A Cultural Shift Of Serious Proportions

September 17, 2010

Business Insider has the fascinating details about a major cultural shift in North America that is happening today: the demise of the soap opera in the face of competition from social networking and community gaming.

On October 5, 2009, CBS canceled “Guiding Light,” the longest running television drama in history, which began in 1952. This September, CBS will air the last episode of “As The World Turns,” the Proctor & Gamble production that has been running for more than 50 years. What’s more, ad dollars allocated to soaps fell nearly 30 percent from 2005 to 2009, and then fell another 20 percent in the first half of 2010.

So, why is all of this happening?

The television media has argued that the death of soap operas is the result of both women entering the workforce in increased numbers and the popularity of reality shows, the latter of which provides an alternate means to achieving the emotional gratification originally delivered by soap operas. I would, however, propose an alternate reading of events.

My belief is that viewers have abandoned daytime programming en masse because they’ve found more compelling content online, particularly social games of the Farmville, ZooWorld and Restaurant City variety. Furthermore, if things continue down the path they are on, social gaming will kill daytime television altogether.

I am not a devotee of soap operas.  Because my wife always watches “General Hospital” every day, I have vicariously (while doing something else) become an expert in the comings and goings in Port Charles.  I have also written in a previous post about soap operas how I came to admire their craft, at least.  But I don’t really known about the business.  It does seem reasonable — based on my own empirical sources of evidence — that the interwebs have stolen time from TV generally. And the advertising dollar collapse shows that this particular marketplace is in serious trouble.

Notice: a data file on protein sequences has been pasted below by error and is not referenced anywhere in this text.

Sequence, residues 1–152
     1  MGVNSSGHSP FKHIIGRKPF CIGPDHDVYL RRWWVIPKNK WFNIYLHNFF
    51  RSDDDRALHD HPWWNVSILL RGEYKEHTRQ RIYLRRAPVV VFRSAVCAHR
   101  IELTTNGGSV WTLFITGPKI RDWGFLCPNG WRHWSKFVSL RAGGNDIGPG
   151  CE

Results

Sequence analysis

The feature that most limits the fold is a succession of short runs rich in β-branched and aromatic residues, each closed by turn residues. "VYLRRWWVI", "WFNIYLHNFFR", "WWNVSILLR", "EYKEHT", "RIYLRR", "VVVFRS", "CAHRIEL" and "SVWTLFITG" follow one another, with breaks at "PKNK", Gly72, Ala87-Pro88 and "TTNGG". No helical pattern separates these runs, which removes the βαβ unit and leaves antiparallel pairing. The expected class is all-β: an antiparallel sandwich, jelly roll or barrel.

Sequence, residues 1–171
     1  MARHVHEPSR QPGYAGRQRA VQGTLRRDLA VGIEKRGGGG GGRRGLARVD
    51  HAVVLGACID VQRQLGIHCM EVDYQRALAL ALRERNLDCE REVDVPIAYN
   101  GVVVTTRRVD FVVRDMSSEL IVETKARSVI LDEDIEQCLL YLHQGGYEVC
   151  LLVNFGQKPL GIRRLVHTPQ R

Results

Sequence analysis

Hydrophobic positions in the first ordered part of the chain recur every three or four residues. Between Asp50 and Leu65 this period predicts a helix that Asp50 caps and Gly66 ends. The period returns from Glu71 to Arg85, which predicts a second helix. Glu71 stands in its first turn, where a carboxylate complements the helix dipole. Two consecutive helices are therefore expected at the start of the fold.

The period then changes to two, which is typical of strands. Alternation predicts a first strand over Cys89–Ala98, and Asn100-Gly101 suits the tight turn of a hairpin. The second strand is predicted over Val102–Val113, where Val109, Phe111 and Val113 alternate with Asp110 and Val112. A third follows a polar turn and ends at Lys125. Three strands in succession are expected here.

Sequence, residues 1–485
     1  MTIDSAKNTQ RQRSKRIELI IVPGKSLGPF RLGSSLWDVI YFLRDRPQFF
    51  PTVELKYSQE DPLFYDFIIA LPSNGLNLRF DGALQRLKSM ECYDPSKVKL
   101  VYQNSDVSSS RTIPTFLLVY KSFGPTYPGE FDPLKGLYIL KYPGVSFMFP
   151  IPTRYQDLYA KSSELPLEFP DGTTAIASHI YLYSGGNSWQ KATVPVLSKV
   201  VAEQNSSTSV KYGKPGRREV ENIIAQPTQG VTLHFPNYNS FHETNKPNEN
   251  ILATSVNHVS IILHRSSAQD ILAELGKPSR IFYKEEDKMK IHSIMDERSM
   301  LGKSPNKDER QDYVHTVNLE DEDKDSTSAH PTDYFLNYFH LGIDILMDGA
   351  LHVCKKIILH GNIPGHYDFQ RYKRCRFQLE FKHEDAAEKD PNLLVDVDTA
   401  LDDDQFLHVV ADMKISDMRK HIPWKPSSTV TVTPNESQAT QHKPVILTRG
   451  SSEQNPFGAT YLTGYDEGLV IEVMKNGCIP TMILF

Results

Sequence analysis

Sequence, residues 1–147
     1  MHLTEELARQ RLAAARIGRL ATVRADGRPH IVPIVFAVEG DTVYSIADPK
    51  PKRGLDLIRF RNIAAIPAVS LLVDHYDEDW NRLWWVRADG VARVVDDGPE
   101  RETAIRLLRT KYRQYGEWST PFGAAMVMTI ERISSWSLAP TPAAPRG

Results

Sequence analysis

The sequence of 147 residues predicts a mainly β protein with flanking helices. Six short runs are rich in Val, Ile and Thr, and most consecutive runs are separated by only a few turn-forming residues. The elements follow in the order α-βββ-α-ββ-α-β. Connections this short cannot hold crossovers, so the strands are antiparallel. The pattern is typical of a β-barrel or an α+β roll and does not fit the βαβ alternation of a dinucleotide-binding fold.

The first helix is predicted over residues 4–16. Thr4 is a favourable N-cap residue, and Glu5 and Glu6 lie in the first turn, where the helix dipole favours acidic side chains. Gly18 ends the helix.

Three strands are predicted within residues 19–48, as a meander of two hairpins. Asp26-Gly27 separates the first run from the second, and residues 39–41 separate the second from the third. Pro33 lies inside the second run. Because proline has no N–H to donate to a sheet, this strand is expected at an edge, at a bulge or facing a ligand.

Soap operas successfully fought off challenges from other levels of TV-watching (the introduction of cable, of Pay-TV, of video-on-demand, for example), and they flourished during the Bingo explosion of the 1980s and early 1990s.  But Farmville and Facebook and Twitter are proving to be a much harder set of competition.

I’m not one to stand in the way of “progress” solely for the sake of nostalgia. But I do have to wonder what the economy is going to do with the tens of thousands of actors, technicians and other creative personnel that will have to be absorbed if daytime TV disappears.


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